James Sweat Joins Matzer Associates

James C. Sweat, naval architect, has joined Rudolph F. Matzer and Associates of Jacksonville, Fla., according to Rodney E. Lay, president of the internationally known firm of naval architects and marine engineers.

Mr. Sweat comes to Matzer Associates with experience in the design and engineering of boats, ships and other waterborne vessels, as well as a background in industrial engineering.

The new Matzer naval architect is a native of Brunswick, Ga.

He received his Bachelor of Science degree in industrial management from Georgia Tech, and the degree of Bachelor of Engineering in naval architecture and marine engineering from the University of Michigan.

Prior to his association with Matzer Associates, Mr. Sweat was with Design Associates as a naval architect, and before that with Halter Marine, Inc. as naval architect and project engineer. Both firms are in New Orleans, La.

For several years, Mr. Sweat was employed by Newport News Shipbuilding as a senior systems engineer concerned with building of merchant ships and management plans for modern shipyards.

He also co-directed industrial engineering studies for submarine overhaul.

While big ships have been part of his interests, Mr. Sweat also has experience in small vessels, having worked as designer/builder of steel sailing vessels from 25 to 52 feet overall for Colvin Manufacturing Company, Miles, Va.

Mr. Sweat joins the Jacksonville company that was founded 20 years ago by the late Rudolph F. Matzer for the purpose of naval architecture, marine engineering, marine surveying and consultation.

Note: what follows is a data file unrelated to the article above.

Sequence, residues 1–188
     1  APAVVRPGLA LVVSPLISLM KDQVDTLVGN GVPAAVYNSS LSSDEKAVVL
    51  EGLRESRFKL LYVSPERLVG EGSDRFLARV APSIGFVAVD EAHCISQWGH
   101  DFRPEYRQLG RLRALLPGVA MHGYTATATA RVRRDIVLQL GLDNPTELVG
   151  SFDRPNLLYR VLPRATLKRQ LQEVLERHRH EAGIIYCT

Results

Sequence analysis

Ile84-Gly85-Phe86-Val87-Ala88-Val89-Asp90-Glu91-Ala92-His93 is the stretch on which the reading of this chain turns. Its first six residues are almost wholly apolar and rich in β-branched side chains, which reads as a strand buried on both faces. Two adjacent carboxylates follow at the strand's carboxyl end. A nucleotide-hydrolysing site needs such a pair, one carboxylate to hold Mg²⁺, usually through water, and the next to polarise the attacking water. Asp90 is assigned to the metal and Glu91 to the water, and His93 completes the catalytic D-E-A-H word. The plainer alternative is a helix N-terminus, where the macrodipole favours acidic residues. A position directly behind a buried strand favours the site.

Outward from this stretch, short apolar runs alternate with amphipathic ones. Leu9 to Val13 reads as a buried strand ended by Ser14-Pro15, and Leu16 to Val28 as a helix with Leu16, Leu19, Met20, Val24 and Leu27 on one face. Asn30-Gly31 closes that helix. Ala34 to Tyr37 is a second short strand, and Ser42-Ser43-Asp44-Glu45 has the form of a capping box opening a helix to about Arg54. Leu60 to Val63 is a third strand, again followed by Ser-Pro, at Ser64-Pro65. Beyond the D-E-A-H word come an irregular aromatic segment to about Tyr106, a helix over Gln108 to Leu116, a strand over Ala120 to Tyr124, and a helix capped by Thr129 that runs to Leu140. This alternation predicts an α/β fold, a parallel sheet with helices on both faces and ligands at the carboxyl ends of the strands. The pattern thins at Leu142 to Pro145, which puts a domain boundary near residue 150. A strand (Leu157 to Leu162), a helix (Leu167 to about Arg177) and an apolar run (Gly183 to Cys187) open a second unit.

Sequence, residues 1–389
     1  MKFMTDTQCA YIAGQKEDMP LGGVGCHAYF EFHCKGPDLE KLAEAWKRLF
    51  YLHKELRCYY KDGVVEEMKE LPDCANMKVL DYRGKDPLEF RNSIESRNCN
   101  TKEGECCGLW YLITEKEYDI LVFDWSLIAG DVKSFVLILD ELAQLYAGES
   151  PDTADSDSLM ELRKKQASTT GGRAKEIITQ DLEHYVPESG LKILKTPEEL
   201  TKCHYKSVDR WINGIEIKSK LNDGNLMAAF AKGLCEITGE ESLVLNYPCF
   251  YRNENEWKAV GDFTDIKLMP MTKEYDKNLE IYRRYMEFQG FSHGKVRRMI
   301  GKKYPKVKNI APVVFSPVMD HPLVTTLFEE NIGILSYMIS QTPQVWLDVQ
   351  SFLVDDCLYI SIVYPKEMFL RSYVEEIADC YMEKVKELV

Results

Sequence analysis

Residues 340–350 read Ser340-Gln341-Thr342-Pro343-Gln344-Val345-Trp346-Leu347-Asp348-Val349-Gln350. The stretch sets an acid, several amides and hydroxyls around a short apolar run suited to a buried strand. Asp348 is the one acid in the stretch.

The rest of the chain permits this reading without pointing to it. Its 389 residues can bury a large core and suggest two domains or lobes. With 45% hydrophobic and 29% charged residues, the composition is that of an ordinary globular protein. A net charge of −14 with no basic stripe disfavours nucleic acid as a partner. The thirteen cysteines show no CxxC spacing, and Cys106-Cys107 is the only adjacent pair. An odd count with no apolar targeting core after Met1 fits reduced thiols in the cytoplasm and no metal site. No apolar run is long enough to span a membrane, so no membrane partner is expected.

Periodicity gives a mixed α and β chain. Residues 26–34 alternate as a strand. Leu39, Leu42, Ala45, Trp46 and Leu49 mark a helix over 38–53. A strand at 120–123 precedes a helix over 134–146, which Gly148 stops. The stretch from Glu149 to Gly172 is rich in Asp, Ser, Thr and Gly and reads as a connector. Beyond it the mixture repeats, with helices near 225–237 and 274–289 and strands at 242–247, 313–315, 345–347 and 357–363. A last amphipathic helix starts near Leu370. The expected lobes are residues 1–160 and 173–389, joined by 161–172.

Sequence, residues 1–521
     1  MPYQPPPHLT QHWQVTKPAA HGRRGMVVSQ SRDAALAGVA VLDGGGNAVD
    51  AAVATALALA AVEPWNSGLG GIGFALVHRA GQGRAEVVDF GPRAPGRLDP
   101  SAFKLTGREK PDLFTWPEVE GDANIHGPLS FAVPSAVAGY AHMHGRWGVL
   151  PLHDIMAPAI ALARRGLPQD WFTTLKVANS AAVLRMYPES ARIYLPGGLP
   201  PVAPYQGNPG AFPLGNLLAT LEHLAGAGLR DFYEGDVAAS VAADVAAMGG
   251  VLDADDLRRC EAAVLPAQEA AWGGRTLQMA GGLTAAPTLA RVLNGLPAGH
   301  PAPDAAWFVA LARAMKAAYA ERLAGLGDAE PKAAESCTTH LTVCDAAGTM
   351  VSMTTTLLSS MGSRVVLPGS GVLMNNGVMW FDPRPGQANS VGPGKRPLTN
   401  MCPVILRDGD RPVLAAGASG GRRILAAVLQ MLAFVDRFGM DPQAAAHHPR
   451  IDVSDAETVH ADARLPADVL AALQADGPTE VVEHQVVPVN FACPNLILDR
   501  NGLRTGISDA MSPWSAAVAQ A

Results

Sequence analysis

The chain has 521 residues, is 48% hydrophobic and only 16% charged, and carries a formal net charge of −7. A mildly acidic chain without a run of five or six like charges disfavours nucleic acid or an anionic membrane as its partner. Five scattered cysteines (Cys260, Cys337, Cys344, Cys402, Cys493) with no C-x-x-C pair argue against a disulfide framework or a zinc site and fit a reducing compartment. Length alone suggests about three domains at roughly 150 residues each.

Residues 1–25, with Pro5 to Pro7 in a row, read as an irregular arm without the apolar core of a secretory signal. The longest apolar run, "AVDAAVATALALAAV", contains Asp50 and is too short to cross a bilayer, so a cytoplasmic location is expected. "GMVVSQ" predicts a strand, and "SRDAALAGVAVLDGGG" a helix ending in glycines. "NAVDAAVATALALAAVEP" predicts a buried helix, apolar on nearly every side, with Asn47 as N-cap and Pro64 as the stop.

Matzer-designed vessels are many and varied. They include h e a v y - l i f t ships, roll-on/ roll-off ships, container vessels, tugs, research ships, fishing boats, yachts, workboats, and other type vessels that may be found in any part of the world.

When Mr. Matzer died in December 1977, Mr. Lay became president of the firm in accordance with arrangements made by the founder for the continuation of the firm's work.

Mr. Lay, who was vice presi president and Mr. Matzer's close associate for six years, has continued the steady, dynamic growth of the Matzer operation that prides itself on creative naval architecture "through the application of inventive engineering, technical excellence plus pragmatic analysis, review and execution."

Other stories from September 15, 1978 issue


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